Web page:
Punctures are no longer a let-down with DriveGuard
On a dark and dreary night the last thing any driver wants to do is pull over at the side of a narrow road or fast-moving motorway to change a tyre. Until now, the alternative for most people has been to wait for breakdown assistance - which has its own disadvantages, such as time delays and the dangers associated with waiting in precarious locations.
Bridgestone launched its new DriveGuard tyres in Monaco this week and it claims the run-flat design will ensure safer driving and allow motorists to continue on their journey, even with tyre damage.
While run-flat tyres may have been on the market for a number of years, they have always been car-specific and designed in conjunction with manufacturers with no common specification across the range.
What's unique about the Bridgestone DriveGuard tyre is that it can be fitted to any vehicle which has a Tyre Pressure Monitoring System (TPMS). With 60pc of drivers having experienced a puncture in the past four years, Bridgestone DriveGuard tyres will allow you to drive up to 80 kilometres at 80kmh, so you can reach your destination - or at least get to a safe place to change a tyre or wait for assistance.
So how do they work? The tyres consist of a supporting rubber compound and optimised gauge and are designed to support the car's weight under sudden air loss. The belt material has also been strengthened and stiffened, and cooling fins reduce heat build-up from friction at low pressure to improve durability and ensure the tyre won't degrade for at least 80 kilometres.
The mountain roads just outside of Nice were the test site for this launch and we drove two identical Peugeot 308s - one fitted with Bridgestone's best-selling Turanza T001 tyres and the other fitted with DriveGuard tyres to experience the difference, if any, between the two. On the road, the Turanza was slightly softer with a little more comfort, however, the DriveGuard tyre produced less road noise and although it was a little firmer on the road it did feel like a sportier tyre.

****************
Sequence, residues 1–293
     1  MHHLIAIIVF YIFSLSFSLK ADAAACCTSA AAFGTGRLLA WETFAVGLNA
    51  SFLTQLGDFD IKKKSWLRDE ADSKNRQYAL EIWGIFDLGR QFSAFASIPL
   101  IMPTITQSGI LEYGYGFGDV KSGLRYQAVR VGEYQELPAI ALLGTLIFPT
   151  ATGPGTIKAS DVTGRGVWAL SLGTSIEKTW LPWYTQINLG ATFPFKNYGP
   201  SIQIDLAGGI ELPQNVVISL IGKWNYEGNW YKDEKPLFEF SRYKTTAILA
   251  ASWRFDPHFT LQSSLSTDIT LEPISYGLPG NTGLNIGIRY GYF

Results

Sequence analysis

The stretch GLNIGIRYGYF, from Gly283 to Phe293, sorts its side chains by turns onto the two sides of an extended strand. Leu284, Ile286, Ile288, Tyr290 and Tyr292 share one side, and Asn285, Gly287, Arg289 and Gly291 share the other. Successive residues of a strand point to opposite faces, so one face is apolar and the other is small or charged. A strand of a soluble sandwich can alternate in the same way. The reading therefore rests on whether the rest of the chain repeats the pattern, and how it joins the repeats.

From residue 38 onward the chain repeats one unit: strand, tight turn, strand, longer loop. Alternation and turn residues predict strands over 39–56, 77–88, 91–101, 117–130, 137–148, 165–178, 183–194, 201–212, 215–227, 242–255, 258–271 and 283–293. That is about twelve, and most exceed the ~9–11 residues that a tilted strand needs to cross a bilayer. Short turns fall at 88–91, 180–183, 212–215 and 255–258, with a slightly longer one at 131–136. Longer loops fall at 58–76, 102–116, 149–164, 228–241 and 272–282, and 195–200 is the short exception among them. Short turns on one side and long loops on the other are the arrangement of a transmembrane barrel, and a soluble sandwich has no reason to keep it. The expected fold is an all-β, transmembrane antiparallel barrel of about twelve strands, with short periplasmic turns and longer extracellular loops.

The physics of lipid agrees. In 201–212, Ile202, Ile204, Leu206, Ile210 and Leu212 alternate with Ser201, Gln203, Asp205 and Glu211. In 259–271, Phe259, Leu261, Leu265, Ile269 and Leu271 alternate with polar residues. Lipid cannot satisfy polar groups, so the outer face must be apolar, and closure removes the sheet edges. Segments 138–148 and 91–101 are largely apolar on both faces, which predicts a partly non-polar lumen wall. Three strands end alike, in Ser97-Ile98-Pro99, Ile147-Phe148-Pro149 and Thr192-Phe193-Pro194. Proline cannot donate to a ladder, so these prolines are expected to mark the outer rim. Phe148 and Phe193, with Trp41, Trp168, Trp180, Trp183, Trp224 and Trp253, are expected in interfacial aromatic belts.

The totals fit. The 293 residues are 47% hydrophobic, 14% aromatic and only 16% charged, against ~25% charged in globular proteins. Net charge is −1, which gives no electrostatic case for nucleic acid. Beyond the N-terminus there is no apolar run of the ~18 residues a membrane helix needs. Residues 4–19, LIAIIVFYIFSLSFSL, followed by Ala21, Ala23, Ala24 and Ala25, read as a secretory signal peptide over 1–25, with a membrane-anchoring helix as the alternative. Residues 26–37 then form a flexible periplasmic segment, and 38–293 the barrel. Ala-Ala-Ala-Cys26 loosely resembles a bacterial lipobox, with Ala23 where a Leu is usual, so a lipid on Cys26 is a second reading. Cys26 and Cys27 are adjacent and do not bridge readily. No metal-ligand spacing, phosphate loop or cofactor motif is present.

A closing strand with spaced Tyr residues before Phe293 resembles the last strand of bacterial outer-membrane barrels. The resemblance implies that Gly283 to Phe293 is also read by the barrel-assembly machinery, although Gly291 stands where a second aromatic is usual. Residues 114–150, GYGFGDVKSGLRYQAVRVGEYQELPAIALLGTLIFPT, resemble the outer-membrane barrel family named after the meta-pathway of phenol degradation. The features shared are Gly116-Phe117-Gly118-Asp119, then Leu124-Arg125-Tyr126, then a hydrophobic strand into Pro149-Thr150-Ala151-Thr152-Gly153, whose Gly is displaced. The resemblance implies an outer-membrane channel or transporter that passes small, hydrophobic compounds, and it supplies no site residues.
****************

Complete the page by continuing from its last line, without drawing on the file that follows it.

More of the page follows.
The second on-road test began with a nail being driven into the sidewall of the Bridgestone DriveGuard tyre, which was fitted to a Renault Megane SW. Once the front tyre had been completely deflated the car was taken out onto the mountain roads. Despite there being noticeable noise from the tyre when in motion and slightly heavier steering, the car was still able to tackle bends and bumps and, most significantly, was safe to drive. If the tyre pressure warning is ignored or not functioning correctly, the tyre has been designed to slowly degrade, with increased vibration and noise to warn a driver something is wrong, rather than suffering from a sudden complete failure.